Eating out is dirt cheap

For our cheapest meals eating just a bowl of pho with veg/salad for four of us, this set us back about £6.  For meals that involved spring rolls, pancakes, cooked veg we paid from £10 from a small stall to £20 for a restaurant with drinks.  If you choose non-Vietnamese food then the prices increase.  When we got home to Blighty and paid £60 for an average pub lunch, we were all ready to fly back to Vietnam!

Vietnamese hospitality

Some of the best food we had was on organised tours.   What I love about this is that you try foods you wouldn’t pick on a menu.  Plus you’re eating the seasonal, freshest produce that’s available to the chefs that morning at market.   There was nearly always a broth with herbs on the table that is great for re-hydrating in the humid heat.   Then we tucked into pork, chicken, shrimp, fish, clams, mussels, tofu with lots of vegetables.   And, of course, rice in varying presentations.  Our overnight cruise on Halong Bay had absolutely wonderful food. We used Swan Cruises who tailored everything gluten & dairy-free for me and seafood-free for my averse-to-eating-seafood older son








Another massive benefit of tours is introducing us all to new flavours; we had no choice with set menus and it was strangely refreshing to have that choice taken away from us.  I was delighted the kids couldn’t choose burgers or pizza!  We even tried snails & frog’s legs (taste like chicken if you ask me!) on our Vespa Adventures tour of Ho Chi Minh City – this was an amazing tour whizzing around Saigon as a pillion passenger on vintage Vespas stopping off to eat amazing street food. Our Vespa Adventures tour guide explained that with Vietnamese hospitality, the food keeps coming until you start leaving food to indicate you are full and they feel they have satisfied you.   The kids thought it hilarious that food just kept coming!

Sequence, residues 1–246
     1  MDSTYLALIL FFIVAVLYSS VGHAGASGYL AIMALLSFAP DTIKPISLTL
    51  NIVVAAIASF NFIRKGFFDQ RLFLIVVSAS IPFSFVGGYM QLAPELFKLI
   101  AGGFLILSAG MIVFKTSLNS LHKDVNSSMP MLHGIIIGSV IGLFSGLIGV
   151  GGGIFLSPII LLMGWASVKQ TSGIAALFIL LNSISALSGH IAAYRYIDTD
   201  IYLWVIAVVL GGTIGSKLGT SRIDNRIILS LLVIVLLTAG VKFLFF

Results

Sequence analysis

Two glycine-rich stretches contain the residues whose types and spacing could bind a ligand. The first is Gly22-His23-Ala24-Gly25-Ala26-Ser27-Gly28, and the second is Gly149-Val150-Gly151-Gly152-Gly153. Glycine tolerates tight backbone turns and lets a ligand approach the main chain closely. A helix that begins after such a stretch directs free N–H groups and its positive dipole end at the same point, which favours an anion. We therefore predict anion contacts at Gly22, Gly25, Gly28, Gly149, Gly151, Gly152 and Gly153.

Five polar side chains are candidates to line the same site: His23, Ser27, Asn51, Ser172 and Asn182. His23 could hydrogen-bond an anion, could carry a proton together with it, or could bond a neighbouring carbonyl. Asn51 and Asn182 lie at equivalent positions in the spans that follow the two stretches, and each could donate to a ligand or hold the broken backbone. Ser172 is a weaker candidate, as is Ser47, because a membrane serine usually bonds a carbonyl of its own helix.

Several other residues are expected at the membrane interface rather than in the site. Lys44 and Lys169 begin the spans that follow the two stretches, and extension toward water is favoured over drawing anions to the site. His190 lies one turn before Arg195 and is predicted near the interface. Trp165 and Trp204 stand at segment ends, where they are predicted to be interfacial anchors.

Travel tips before you go

I highly recommend you seek out a Vietnamese street food café or market stall near your home to try before you go.  This is a great way to introduce kids to bowls of pho and eating with chopsticks.   We have been back to our local street food stall since our Vietnam trip as we’re all missing pho. Do your research before your trip and choose wisely to avoid tummy upsets when in Vietnam, you are at increased risk of getting ill – their cleanliness is not up to European standards!  Here’s my blog on How To Avoid Getting Sick Eating In Vietnam. Let me know in the comments if you’re planning a trip to Vietnam and if this blog has reassured you that’ll you have a great time.


For an Asian-inspired quick noodle soup, check out this simple noodle soup recipe using leftovers & store cupboard ingredients for a quick midweek meal

Jane Barrett is a registered nutritionist and expert in digestive health helping women & children with digestive issues take control of their health through food. She offers support through meal plans, online courses & personalised 1:1 programmes on Zoom.